#11

That thing there would be a trick on a diesel truck, the only thing is, I wish it was made a little better as is, I’d be afraid of it.

The bail isn’t or doesn’t appear to be locked down. Otherwords, it appears I could run through a pasture or some such and have grass or vines or limbs accidentally flip the bail over and there’d go my oil and then my engine. Alternatively, it’d be easy for some kid to crawl under it at Wal Mart or some such and flip the bail. You’d come out to a heck of a mess under your truck with 3 or 4 gallons of oil running everywhere.

What would make that better IMO is if they had a keeper of sorts that screwed down over the flange and locked the bail in the closed position and you needed a wrench to loosen it so the bail could be opened and the oil drained.

It’s main advantage to me would be the ability to fill up jugs instead of pouring over 3 gallons of oil into a pan and then having to deal with that mess.

Skipper


#12

“Crapola,” you say? I just did the math. For a steel plug (alpha = 11 ppm/deg-K) exactly fit into an aluminum hole (alpha = 23), the DIFFERENCE in the diameters will be 10% of the original diameter if the temperature rises by 8,333 deg-K = 14,999 deg-F. So the plug WILL fall out … because the oil pan will have melted :>)

Nonetheless, I doubt that heating the pan/plug would make the plug TIGHTER.


#13

There’s gonna be a BIG line for new motors for KIA owners . . just imagine all of those owners who drive their cars on a long trip to the beach . . . only to find that the oil plug has fallen out! I respect your calculations and theory, but I stilol think it is crapola. Rocketman


#14

Right. The piece expands “photographically”, exactly like blowing up a photograph. The hole gets bigger too. The dealer service rep is, as usual, full of bovine organics.


#15

If the plug is the only part cross threaded, the hole should be “chased” with a tap and a new plug installed. If the hole is (also) stripped, it shoudl be tapped oversize and an oversize plug installed.

The hole holds the plug in when the material expands? Where DO these service reps get their cockamamie ideas?


#16

There is a slight difference in the expansion coefficient between Al and steel, but it’s not enough to explain the plug not coming out. I always change my oil how to get more of it to drain, but you can do it either way without much effect.

Regarding the OP, there are other choices besides the dealer and walmart. Find a good independent shop and use them for your work, including oil changes if you don’t want to do them yourself.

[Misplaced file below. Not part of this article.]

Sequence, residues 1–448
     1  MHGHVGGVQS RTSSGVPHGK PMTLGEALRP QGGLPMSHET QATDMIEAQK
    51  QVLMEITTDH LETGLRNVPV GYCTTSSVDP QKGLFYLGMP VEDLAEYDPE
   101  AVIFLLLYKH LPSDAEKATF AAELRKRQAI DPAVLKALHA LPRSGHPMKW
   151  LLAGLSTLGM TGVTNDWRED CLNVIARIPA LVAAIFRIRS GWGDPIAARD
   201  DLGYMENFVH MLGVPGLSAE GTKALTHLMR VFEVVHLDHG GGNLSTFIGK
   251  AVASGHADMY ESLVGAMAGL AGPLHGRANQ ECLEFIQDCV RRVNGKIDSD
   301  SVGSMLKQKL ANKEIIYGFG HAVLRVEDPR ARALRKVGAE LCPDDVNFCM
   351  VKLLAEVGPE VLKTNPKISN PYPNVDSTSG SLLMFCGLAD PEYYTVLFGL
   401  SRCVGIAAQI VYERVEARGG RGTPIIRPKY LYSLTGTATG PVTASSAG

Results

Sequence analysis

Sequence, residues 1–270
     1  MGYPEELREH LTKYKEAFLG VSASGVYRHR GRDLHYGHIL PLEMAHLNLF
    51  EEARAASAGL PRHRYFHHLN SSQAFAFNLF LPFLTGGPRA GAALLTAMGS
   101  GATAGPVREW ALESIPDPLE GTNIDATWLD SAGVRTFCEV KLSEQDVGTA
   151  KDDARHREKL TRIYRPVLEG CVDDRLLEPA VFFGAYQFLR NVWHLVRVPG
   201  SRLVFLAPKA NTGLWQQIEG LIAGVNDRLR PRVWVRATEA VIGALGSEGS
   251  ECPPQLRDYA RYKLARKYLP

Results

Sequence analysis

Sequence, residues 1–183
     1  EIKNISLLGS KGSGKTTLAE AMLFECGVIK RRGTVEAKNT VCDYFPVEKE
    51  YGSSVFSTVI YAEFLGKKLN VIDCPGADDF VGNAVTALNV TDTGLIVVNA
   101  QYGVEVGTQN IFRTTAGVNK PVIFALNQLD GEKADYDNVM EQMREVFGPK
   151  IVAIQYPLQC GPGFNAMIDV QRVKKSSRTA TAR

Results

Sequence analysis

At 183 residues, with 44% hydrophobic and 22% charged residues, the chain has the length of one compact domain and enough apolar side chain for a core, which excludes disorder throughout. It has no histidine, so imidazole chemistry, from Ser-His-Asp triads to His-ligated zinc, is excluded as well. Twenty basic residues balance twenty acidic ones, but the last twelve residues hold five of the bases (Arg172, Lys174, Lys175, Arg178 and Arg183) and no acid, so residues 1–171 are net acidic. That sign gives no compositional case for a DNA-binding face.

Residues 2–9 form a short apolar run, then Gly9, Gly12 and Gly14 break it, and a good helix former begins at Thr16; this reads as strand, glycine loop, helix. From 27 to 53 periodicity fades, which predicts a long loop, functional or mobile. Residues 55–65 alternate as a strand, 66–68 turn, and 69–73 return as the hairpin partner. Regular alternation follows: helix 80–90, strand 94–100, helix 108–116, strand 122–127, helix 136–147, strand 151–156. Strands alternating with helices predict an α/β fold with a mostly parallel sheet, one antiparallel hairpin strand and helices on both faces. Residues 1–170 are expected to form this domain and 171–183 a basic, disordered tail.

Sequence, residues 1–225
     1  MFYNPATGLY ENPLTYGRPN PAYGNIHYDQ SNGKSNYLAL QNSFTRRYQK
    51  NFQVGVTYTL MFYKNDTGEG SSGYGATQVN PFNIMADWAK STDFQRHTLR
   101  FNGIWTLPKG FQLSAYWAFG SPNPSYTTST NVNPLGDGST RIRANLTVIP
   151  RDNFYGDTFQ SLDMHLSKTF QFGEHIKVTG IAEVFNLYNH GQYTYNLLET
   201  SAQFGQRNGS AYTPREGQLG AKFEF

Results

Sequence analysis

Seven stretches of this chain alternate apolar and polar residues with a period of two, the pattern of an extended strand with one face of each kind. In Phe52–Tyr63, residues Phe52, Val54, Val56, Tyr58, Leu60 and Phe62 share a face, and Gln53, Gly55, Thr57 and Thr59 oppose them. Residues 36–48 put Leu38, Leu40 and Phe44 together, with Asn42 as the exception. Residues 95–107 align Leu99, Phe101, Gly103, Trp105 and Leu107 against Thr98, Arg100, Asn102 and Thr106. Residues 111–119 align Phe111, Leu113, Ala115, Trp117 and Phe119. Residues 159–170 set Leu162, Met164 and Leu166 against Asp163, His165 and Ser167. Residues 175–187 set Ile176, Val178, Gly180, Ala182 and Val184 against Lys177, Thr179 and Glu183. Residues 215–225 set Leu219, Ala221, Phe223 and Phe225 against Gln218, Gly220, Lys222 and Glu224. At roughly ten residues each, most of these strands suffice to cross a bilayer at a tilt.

#17

Yep, thats one very handy little gadget.

For the past thirty yars the way that I have changed oil is to drive my car or truck up on my ramps, flip the lever on the fumotovalve & R&R the oil filter by hand.

Oil changes don’t get any quicker or simpler than this.

And while it’s up on the ramps I can take a quick look for any early signs of leaks/torn CV boots etc.


#18

It seems that service departments at some dealerships will say almost anything. I had requested that the Ford dealer change the oil in an Aerostar that I owned at the time. The service writer came back with a long face and told me that the drain plug had been overtightened and that they couldn’t get it out. I produced the record that showed that the dealer was the last place that had changed the oil. I told the that “you put the plug in, so you figure out how to get it out”. I insisted that they give me a ride home and take care of the problem which they did. I also never went back to the dealer for oil changes.

I’m not certain how WalMart detected that the oil drain plug was cross threaded if they didn’t remove it. Could it be that the head on the plug was rounded by a careless technician?


#19

Skip, i’ve used Fumotovalves for over a million miles on my & my wifes various cars & trucks. Never a problem.

The only time I mess with the drain plug is the first oil change on a new car or truck. The drain plug comes out & the Fumotovalve goes in.

The lever is spring loaded & has to be pushed up & over to drain. This isnt going to happen from running thru rush.


#20

wow! Thanks all 18 of you for your wonderful input. I printed the collection of responses and will get the dealer service manager’s opinion on what his folks told me.